an he bought me, fleas an all.” “An, er, how did that, um, manifest it- in my mouth cuzza me bein’ so weak.

“Cool Kibbles.” self?” I inquired. Momma an Dad were with me every
“Well, yeah, but, see, cuzza my early
experiences with humans, I wasn’t a cud- “Well, it wasn’t that I didn’t love Mom- single second. After 48 hours, I was what
dly, wuddly pooch. I didn’t know what a
frenly pat or tummy rub was. I had an At- ma an Dad, it was super fun hangin’ out Dad called Out of the Woods. I don’t re-
titude, an no manners WHATSOEVER!”
with Dad, goin’ surfin’ an swimming.’ member bein’ in the woods, but I WAS

But I was, let’s face it, a Bad Dog. Like, feelin’ better. When I went back to my

I chewed up everything, so I got nick- regular doctor for a checkup, my tests

named The Shredder. Once I ate the were normal. Now I’m on a duh-licious

whole couch. I also ate Dad’s wallet and diet: dehydrated beef, raw veg-tubbles,

credit cards. An Momma’s sunglasses. punkin seeds an other stuff. And liddle

An shoes. But only the good, leather carrots for treats.

ones. “I’ve also learned to ‘SIT’ on request. If

“So they started callin’ me Big Bad I’m in the mood. I woof-talk a lot, which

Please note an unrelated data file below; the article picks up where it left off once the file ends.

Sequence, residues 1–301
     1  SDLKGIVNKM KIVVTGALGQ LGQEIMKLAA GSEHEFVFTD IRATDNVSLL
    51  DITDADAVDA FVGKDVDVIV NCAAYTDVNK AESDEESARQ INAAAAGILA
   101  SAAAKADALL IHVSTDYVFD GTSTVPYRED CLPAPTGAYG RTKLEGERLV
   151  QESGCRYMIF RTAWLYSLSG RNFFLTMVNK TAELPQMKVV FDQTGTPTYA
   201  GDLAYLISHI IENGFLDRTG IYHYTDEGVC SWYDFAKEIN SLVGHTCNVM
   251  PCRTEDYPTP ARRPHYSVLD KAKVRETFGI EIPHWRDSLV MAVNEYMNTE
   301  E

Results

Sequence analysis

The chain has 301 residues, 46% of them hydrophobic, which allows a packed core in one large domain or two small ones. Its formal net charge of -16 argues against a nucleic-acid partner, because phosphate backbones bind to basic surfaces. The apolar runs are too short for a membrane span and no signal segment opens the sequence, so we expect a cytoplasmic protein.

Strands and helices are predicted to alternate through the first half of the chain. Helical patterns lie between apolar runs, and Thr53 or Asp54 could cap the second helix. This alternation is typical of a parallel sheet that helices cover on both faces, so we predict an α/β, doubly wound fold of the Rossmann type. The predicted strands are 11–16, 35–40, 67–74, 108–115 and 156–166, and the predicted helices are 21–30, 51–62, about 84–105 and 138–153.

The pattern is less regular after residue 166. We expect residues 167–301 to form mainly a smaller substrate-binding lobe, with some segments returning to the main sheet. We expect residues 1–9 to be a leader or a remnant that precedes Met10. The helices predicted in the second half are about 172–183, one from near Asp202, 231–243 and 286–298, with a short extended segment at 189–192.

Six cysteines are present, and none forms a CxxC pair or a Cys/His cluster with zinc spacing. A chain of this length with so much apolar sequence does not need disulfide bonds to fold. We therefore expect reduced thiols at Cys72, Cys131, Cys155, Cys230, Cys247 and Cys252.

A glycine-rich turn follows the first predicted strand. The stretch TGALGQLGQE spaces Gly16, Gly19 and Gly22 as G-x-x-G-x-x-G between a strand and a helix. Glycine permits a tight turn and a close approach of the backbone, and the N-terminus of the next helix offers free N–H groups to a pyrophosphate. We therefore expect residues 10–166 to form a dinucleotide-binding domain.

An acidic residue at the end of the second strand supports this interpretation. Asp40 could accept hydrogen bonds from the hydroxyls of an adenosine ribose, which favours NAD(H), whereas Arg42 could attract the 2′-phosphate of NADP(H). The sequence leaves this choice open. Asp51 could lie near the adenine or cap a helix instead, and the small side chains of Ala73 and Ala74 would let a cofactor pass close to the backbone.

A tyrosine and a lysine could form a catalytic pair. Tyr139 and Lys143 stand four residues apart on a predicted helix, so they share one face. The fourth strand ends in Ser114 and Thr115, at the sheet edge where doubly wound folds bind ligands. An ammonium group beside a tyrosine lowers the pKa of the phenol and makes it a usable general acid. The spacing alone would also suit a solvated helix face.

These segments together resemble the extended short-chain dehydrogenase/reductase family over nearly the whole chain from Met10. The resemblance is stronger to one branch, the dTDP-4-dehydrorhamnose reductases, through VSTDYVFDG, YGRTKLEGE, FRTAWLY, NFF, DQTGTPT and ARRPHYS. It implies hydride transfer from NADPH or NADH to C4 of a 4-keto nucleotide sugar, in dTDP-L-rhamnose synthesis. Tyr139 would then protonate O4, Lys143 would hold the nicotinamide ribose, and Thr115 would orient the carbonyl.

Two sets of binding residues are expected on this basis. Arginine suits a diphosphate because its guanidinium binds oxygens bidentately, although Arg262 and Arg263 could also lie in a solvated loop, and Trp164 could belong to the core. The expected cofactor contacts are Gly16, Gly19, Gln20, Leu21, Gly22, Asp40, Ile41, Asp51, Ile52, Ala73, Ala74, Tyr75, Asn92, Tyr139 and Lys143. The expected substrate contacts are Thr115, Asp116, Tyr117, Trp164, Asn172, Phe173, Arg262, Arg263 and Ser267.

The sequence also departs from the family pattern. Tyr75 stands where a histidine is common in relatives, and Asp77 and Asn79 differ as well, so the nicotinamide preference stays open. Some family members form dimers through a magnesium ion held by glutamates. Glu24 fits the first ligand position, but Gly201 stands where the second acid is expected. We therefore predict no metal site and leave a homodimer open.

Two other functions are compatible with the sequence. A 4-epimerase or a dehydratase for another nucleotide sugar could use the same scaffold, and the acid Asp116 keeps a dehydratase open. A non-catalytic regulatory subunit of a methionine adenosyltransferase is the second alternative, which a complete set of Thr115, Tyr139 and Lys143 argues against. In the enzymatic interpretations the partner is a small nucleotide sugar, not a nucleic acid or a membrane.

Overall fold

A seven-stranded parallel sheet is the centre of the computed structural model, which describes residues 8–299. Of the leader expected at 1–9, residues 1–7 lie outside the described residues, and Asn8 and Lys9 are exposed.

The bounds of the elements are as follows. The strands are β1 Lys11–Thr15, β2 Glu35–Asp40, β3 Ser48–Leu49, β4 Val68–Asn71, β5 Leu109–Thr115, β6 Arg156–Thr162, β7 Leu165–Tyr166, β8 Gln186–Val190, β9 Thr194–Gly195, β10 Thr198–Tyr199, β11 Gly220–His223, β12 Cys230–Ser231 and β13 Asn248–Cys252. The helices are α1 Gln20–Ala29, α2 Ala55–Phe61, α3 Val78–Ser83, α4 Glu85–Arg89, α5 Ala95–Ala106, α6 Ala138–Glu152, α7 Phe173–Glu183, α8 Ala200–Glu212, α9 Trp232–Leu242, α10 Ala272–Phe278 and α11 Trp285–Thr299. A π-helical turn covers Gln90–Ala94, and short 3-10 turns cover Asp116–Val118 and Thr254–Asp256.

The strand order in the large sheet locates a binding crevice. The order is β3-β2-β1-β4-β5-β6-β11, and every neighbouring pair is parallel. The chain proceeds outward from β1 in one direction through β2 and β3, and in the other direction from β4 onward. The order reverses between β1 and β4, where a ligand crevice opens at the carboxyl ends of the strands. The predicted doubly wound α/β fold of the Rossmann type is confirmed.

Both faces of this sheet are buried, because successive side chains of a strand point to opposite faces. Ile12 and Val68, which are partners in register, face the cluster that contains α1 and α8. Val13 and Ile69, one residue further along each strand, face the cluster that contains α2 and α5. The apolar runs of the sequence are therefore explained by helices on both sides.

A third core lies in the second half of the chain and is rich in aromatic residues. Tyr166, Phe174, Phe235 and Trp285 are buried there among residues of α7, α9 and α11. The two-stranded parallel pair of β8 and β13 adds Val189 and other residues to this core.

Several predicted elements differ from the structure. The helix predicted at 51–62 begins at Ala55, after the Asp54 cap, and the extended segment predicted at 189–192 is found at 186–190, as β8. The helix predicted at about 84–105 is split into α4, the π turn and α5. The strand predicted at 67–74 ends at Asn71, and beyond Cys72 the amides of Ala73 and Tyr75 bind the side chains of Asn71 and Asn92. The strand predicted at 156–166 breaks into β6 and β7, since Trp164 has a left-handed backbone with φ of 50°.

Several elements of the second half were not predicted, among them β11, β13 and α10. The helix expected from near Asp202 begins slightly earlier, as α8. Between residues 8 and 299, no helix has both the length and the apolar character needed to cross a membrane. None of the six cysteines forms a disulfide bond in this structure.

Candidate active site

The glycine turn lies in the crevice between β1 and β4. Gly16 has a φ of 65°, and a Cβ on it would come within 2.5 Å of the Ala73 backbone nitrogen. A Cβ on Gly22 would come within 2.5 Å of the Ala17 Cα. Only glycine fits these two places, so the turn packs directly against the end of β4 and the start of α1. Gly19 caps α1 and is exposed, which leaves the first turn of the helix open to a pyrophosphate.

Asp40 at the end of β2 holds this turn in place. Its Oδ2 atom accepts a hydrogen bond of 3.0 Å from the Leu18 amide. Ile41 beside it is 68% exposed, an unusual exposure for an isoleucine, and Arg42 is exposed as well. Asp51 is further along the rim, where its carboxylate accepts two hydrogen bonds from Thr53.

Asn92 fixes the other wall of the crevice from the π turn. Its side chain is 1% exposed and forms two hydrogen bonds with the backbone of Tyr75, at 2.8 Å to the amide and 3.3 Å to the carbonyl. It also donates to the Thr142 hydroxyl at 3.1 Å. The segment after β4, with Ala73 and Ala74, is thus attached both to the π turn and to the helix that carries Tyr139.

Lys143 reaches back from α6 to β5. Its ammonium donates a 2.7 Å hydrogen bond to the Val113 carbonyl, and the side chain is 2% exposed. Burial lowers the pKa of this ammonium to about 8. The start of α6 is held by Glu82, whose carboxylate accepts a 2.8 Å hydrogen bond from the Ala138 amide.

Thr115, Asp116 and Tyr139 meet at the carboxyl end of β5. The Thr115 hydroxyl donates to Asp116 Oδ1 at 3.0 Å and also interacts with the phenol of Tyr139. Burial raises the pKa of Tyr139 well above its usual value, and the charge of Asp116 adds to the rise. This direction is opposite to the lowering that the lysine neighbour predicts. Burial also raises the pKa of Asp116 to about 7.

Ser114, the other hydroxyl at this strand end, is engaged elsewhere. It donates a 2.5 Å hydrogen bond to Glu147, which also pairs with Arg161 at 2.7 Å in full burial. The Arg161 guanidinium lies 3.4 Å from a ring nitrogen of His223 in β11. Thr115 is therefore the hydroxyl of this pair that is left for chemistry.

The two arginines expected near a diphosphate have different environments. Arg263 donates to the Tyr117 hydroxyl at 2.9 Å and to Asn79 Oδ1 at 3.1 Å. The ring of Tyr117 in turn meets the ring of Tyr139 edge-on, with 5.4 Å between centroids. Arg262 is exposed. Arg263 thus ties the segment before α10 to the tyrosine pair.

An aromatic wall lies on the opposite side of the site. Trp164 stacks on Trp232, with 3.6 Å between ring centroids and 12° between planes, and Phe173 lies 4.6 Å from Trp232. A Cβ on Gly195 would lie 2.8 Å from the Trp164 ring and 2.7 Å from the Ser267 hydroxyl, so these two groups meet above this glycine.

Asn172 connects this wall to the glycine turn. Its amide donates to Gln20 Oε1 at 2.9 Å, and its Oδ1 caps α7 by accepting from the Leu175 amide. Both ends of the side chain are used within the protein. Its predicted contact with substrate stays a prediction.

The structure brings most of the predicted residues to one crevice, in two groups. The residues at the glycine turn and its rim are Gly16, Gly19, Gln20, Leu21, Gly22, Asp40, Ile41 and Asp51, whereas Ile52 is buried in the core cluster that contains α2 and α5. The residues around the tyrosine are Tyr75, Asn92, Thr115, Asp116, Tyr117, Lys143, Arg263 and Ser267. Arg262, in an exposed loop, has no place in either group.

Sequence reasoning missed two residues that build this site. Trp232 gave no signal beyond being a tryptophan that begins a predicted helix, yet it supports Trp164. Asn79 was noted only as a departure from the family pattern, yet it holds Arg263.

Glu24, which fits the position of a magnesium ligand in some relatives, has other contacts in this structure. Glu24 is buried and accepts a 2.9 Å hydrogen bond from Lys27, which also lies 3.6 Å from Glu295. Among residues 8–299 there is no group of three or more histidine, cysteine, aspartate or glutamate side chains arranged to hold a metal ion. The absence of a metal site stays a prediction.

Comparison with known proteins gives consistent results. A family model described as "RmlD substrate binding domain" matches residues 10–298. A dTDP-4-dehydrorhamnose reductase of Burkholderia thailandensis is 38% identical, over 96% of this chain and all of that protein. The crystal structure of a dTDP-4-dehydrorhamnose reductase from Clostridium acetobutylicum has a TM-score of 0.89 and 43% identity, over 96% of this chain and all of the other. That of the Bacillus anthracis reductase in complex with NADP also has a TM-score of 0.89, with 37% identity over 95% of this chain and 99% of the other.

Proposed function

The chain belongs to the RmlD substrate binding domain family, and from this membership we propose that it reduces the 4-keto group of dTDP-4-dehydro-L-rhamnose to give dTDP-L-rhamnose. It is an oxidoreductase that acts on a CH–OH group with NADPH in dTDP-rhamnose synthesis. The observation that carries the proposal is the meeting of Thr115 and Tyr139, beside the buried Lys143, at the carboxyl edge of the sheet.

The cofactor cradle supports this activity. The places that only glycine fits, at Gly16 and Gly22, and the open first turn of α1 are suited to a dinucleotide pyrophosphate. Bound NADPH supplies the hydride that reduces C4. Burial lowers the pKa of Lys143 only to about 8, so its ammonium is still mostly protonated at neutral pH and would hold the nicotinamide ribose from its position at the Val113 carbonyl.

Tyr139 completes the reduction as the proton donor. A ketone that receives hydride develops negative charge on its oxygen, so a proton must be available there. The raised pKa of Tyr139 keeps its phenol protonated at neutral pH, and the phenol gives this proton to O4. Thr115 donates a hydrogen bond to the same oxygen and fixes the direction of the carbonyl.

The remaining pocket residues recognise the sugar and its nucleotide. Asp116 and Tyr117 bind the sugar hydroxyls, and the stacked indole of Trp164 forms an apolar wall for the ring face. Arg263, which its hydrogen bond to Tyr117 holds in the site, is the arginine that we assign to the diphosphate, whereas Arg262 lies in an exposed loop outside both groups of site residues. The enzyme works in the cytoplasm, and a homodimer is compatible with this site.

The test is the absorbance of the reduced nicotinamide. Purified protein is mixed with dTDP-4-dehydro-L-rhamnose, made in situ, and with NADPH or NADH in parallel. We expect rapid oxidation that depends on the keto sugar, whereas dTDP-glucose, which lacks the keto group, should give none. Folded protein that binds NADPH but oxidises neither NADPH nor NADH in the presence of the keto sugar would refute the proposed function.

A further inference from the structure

Baxter. See this collar? I’ve had it since I makes Momma an Dad happy. An now

was a pup. Check out the tag.” I love snuggles an tummy rubs, an I’m

I looked. Sure ’nuff: “Big Bad Baxter.” much more mellow an thoughtful. As

“Even at the Dog Park, which I love, I long as everything’s about me, me, me.”

managed to get myself thrown out of the Heading home I was thinking about

Liddle Dog Section for pickin’ fights. I Bad Boy Baxter, who doesn’t mind ad-

never thought of myself as a liddle dog. mitting he loves tummy rubs. An think-

So I’d slip into the Big Dog Section an ing perhaps I should eat more veg-tub-

pick fights with German Shepherds or bles. Some nice broccoli, or maybe a

retrievers. One day, they all got Fed Up lovely green bean. Tomorrow. 

and Cleaned My Clock. So now I’m more

humble. At the Dog Park.

-The Bonz“When I first met Kira, I was awful

to her. I’d knock her down an she’d go
tumblin’ across the floor. I’d steal oth-
er pooches’ toys, too. Dad says I was a

Don’t be shy!
We are always looking for pets with interesting stories. To set up
an interview, please email [email protected]

Barrier Island Newsweekly THE MELBOURNE Thursday, May 31, 2018 21

INSIGHT GAMES BRIDGE

THE BRIDGE MAGAZINE FOR THE TOP PLAYERS WEST NORTH EAST
6 A Q 10 7 4 KJ953
By Phillip Alder - Bridge Columnist KQ84 J 10 9 6 5 3 2
J 10 7 5 4 3 A98 Q
The Bridge World magazine is edited and published monthly by Jeff Rubens. (I am the 62 A 10 9 8 4